War Starts At Midnight: The Three Wartime Visions of Michael Powell and Emeric Pressburger by Josh Spiegel
By Yasmina Tawil
Few filmmakers have made films as thematically rich as those from writers/directors Michael Powell and Emeric Pressburger in the 1940s. From 1943 to 1949, Powell and Pressburger, better known as the Archers, made seven superlative films that leapfrog genres with heedless abandon, from wartime epic to fantastical romance to psychosexual thriller to ballet drama. Thanks largely to cinephilic champions such as Martin Scorsese and his longtime editor Thelma Schoonmaker (who married Powell in 1984), as well as home-media ventures like The Criterion Collection, the Archers films have received a vital and necessary second life.
While the Archers 1940s-era septet have recognizable throughlines as well as a reliable stable of performers, three of those films are cut from the same cloth, despite telling radically different stories with varying tones. The Life and Death of Colonel Blimp, A Canterbury Tale, and A Matter of Life and Death all take place, at least in part, during World War II, and all three films depict a nation at war, as much with other countries as with itself. When we think of British culture, we think of the stiff-upper-lip mentality depicted in popular culture for decades, typified by how Brits acted and reacted in World War II. But the Archers, in this wartime trio, debated the validity of fighting a war with that old-fashioned mentality, offering up films designed to be propagandistic enough to be approved for release but that also asked what it meant to be British in seemingly perpetual wartime.
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But war starts at midnight! – Clive Wynne-Candy
Oh, yes, you say war starts at midnight. How do you know the enemy says so too? – Spud Wilson
The nuance of The Life and Death of Colonel Blimp was likely always going to make it a sore spot for the British government. Colonel Blimp was not original to The Archers; he was a comic-strip character created by David Low in the 1930s, meant to skewer puffed-up elder statesmen of the British military. The stereotype of a fatheaded, pompous fool had pervaded the national consciousness so much that Winston Churchill feared the Archers adaptation would revive the publics critical perception of the military when support was needed the most. But while the title invokes Colonel Blimp, the lead character is never referred to as Blimp, and is much less foolish than he may seem when initially seen attacking a young British soldier in a Turkish bath. Powell and Pressburger used the character and the staid, fusty old notions of British militarism as a jumping-off point for a detailed, poignant character study.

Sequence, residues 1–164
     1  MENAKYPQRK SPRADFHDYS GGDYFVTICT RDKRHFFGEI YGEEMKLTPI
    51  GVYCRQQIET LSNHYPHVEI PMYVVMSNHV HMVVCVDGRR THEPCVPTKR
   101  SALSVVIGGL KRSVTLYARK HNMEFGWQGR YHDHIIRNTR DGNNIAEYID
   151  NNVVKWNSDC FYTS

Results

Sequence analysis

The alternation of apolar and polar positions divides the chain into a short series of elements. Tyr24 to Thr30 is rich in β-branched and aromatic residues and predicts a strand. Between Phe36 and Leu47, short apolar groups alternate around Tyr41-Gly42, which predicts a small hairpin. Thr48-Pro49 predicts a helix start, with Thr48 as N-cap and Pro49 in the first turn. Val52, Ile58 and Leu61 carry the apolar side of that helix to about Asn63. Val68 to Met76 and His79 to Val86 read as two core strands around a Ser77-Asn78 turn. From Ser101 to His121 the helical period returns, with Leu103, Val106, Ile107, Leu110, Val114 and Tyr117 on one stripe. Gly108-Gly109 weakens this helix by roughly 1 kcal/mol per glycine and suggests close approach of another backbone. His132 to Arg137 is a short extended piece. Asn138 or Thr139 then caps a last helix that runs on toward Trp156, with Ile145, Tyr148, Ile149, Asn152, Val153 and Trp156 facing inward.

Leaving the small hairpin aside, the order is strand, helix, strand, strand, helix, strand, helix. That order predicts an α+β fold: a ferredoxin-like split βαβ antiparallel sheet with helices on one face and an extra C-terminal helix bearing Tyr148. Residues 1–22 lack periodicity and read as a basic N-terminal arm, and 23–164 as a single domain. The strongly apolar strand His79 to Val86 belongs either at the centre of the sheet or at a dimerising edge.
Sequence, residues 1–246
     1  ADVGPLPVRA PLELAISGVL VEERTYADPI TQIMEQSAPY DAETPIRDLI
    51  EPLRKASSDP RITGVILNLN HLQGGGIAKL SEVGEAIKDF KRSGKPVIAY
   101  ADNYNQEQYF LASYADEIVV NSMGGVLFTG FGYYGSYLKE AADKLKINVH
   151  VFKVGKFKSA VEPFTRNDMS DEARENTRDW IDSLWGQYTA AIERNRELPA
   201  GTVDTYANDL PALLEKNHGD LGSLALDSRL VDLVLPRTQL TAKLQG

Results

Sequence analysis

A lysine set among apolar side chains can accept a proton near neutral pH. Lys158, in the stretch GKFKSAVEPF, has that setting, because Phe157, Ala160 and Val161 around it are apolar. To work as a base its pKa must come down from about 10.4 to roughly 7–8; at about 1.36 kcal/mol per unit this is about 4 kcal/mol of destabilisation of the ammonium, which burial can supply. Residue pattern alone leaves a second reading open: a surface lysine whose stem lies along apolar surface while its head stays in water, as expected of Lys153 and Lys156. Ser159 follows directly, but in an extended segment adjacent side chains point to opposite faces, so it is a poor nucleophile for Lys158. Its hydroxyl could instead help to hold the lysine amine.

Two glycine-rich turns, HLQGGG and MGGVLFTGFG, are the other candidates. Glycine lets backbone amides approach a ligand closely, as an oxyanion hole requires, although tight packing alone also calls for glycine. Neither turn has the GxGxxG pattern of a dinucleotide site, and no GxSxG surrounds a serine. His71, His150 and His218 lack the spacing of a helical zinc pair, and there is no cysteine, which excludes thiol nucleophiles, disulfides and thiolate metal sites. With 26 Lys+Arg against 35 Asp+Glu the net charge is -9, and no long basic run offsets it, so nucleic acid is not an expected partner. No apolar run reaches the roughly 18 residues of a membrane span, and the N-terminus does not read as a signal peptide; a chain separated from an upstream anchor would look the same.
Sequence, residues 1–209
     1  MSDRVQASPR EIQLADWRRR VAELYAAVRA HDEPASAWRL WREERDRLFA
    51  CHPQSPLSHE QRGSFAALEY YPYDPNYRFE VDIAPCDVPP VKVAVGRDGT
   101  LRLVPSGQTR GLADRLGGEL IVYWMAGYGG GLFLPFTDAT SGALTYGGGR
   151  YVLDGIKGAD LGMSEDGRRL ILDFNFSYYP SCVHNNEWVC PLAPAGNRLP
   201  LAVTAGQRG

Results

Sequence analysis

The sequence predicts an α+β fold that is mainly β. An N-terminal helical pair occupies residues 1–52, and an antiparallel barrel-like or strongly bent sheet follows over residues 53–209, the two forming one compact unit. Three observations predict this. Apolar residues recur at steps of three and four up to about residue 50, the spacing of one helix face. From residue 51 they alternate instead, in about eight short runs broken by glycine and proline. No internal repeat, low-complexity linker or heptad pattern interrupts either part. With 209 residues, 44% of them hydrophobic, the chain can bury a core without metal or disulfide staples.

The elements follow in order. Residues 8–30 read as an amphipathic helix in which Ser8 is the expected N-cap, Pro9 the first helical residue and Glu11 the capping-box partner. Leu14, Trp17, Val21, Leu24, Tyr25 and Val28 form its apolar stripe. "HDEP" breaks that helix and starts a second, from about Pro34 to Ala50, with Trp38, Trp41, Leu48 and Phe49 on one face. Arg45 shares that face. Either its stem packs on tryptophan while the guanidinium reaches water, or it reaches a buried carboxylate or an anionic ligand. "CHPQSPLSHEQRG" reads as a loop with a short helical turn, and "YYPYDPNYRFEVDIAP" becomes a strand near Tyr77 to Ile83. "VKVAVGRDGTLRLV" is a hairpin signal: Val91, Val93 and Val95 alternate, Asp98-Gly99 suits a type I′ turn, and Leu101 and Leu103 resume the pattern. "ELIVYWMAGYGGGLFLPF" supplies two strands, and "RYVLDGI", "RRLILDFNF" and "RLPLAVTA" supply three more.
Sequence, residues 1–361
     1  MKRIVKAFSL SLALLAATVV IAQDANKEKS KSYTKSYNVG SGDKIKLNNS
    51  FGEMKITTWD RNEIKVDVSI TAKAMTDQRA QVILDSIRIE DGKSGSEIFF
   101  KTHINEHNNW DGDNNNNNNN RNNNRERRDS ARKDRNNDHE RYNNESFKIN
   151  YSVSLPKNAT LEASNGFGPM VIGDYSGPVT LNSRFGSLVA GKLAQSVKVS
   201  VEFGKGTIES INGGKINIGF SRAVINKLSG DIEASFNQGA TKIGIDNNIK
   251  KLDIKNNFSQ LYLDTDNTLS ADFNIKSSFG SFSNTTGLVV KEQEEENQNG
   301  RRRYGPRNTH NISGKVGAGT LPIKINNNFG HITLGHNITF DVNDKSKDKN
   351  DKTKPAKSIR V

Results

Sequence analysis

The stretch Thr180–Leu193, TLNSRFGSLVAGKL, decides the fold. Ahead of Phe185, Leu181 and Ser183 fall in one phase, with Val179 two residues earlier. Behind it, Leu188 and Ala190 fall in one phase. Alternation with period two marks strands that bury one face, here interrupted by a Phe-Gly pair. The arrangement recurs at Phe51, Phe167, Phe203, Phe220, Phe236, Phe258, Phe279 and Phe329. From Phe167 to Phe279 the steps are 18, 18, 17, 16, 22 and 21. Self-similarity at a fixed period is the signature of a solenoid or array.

Set over four decades, The Life and Death of Colonel Blimp begins near its finale, as Great Britain struggles to gain a foothold over the Nazis. We first see our Colonel Blimp, the portly, bald, and mustachioed Clive Wynne-Candy (Roger Livesey), beset upon by younger soldiers in the club where he now lives as part of a training exercise. Clive is infuriated because theyve started hours earlier than planned; before the smug young soldier leading the charge can explain himself, the two get into a tussle that speaks to why Powell and Pressburger wanted to tell this story. In the production of their previous film, One of Our Aircraft is Missing, the directors removed a scene where an elderly character tells a younger one, You dont know what its like to be old. (The idea that this could serve as the thematic backbone to an entire feature was provided by the Archers then-editor, David Lean.) Clives rage at being taken off-guard leads him to thrash young Spud Wilson and teach him a lesson: You laugh at my big belly, but you dont know how I got it! You laugh at my mustache, but you dont know why I grew it!
And so, The Life and Death of Colonel Blimp flashes back 40 years, a rare instance where a movie indulging in the now-hoary in medias res technique pays dramatic dividends. The rest of the film focuses on three points in the life of the man known first as Clive Candy: his time in the Boer War, the devastating World War I, and his twilight years of service as World War II ramps up. For a war film, The Life and Death of Colonel Blimp offers exceedingly little bloodshed. Powell and Pressburgers film examines how such gruesome action informs men like Clive away from the battlefield, instead of depicting that action in full. Each section of Blimp shows how his noble efforts make him hardened and intractable over time, even against the tide of a truly tyrannical force. At first, Clives militaristic mantra is honorable: Right is might. But as the film reaches its third hour, he learns that his theory, one embodied by his nation, has been so cruelly disproven by the Nazi scourge that he and Britain must change their ways.